Abstract

This report is the third in a series of biennial independent scientific reviews of progress toward Everglades restoration that are mandated by the Water Resources Development Act of 2000. The reviews focus on restoration progress, scientific and engineering issues that could affect that progress, significant accomplishments of the restoration, and monitoring and assessment protocols. This report focuses on progress since the previous report, released in 2008, and issues relevant to these past two years.

Natural system restoration progress from the Comprehensive Everglades Restoration Plan (CERP) remains slow, but in the past two years there have been noteworthy improvements in the pace of restoration and in the relationship between the federal and state partners. Federal CERP funding, which previously had not kept pace with state funding, has increased, which has allowed continued progress as state funding has declined. Four CERP projects, four pilot projects, and several non-CERP projects are under construction, notably the Tamiami Trail bridge. The science program continues to provide a sound basis for decision making, although clearer mechanisms for integrating science into restoration decision making are needed. This new momentum should be viewed only as a beginning; all early CERP projects are behind the original schedule, some of them by more than a decade. The restoration plan still has decades before completion, even without additional delays, and it will need political commitment to long-term funding.

Several important challenges related to water quality and water quantity have become clear during the past two years, highlighting the difficulty of simultaneously achieving restoration goals for all ecosystem components in all portions of the Everglades. For example, although wading bird numbers have increased recently throughout the Everglades and populations of the Cape Sable seaside sparrow have stabilized in Everglades National Park, the continued decline of snail kites to extremely low numbers and the continued stress to tree islands in Water Conservation Area 3A have led to growing public con-



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Abstract This report is the third in a series of biennial independent scientific reviews of progress toward Everglades restoration that are mandated by the Water Resources Development Act of 2000. The reviews focus on restoration prog- ress, scientific and engineering issues that could affect that progress, significant accomplishments of the restoration, and monitoring and assessment protocols. This report focuses on progress since the previous report, released in 2008, and issues relevant to these past two years. Natural system restoration progress from the Comprehensive Everglades Restoration Plan (CERP) remains slow, but in the past two years there have been noteworthy improvements in the pace of restoration and in the relationship between the federal and state partners. Federal CERP funding, which previ- ously had not kept pace with state funding, has increased, which has allowed continued progress as state funding has declined. Four CERP projects, four pilot projects, and several non-CERP projects are under construction, notably the Tamiami Trail bridge. The science program continues to provide a sound basis for decision making, although clearer mechanisms for integrating science into restoration decision making are needed. This new momentum should be viewed only as a beginning; all early CERP projects are behind the original schedule, some of them by more than a decade. The restoration plan still has decades before completion, even without additional delays, and it will need political commitment to long-term funding. Several important challenges related to water quality and water quantity have become clear during the past two years, highlighting the difficulty of simultaneously achieving restoration goals for all ecosystem components in all portions of the Everglades. For example, although wading bird numbers have increased recently throughout the Everglades and populations of the Cape Sable seaside sparrow have stabilized in Everglades National Park, the continued decline of snail kites to extremely low numbers and the continued stress to tree islands in Water Conservation Area 3A have led to growing public con- 1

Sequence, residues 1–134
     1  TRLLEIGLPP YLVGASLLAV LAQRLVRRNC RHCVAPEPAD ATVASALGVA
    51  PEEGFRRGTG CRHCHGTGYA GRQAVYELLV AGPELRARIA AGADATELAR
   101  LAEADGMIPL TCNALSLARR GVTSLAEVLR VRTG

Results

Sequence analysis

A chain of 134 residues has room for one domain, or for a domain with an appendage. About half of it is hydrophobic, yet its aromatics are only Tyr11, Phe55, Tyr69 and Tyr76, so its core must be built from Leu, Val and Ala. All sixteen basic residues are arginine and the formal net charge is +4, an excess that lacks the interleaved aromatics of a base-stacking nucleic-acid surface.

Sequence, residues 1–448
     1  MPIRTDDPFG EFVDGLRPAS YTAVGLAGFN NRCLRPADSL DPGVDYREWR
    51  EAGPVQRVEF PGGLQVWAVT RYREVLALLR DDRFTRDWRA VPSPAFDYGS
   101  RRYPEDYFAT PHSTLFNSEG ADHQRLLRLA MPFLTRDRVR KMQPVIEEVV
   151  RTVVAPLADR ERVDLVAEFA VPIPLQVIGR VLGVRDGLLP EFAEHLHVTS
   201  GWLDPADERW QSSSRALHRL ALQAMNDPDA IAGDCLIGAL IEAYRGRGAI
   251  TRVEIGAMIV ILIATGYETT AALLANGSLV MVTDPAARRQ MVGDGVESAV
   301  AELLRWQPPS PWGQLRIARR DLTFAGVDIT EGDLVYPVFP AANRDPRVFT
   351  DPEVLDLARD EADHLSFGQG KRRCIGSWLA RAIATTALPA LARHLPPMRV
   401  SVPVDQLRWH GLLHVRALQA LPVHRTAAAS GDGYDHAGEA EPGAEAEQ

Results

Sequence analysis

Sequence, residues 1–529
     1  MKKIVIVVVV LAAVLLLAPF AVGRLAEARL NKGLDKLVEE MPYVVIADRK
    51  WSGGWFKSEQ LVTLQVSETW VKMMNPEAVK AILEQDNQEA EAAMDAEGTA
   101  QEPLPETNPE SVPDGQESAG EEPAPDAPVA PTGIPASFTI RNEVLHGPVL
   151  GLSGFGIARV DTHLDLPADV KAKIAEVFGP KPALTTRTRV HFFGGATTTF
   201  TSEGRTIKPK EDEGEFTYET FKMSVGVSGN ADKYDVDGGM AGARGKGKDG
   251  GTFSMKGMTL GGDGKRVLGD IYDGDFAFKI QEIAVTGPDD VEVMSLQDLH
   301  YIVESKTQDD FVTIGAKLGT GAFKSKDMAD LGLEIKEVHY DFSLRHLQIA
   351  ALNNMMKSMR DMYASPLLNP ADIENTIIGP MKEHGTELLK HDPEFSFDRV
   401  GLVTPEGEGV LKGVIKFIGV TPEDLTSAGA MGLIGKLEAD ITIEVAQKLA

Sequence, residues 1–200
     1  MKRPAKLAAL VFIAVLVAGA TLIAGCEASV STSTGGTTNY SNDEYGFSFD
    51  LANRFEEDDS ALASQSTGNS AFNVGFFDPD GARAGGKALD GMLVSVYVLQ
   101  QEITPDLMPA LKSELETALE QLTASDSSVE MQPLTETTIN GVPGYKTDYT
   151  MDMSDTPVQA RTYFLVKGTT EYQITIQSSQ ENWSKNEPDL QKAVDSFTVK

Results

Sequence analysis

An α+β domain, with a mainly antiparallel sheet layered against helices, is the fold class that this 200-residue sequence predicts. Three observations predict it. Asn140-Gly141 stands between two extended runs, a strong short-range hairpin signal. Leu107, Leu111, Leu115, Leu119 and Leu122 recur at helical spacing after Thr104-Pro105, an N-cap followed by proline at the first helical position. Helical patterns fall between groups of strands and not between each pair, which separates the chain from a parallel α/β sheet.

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2 Progress Toward Restoring the Everglades troversy and concerns about management. Restoring hydrologic conditions while providing adequate storage and meeting water quality goals is also a difficult challenge. Achieving water quality goals throughout the South Florida ecosystem, especially for phosphorus content, will be enormously costly and will take decades to achieve. Some tradeoffs are inevitable in the CERP, given the reduced extent, altered topography, and reduced storage of the modern Everglades, and integrated hydrologic, ecological, and biogeochemical models and multi-objective decision analysis tools are needed to help evaluate design and management alternatives. Also, rigorous scientific analyses of the tradeoffs between water quality and quantity are needed to inform future prioritization and funding decisions. The analyses should include consideration of the time scales, spatial dependencies, and degree of reversibility of damage from continued deg- radation to various ecosystem components. Understanding and communicating these tradeoffs to decision makers and stakeholders are critical aspects of CERP planning and implementation. Despite these challenges, experience with some projects, such as the res- toration of the Kissimmee River, and recent progress on some critical CERP and non-CERP projects, lead to optimism that if restoration progress continues, substantial ecological benefits will accrue to the ecosystem, even if the effort does not achieve all the restoration goals originally envisioned by the CERP.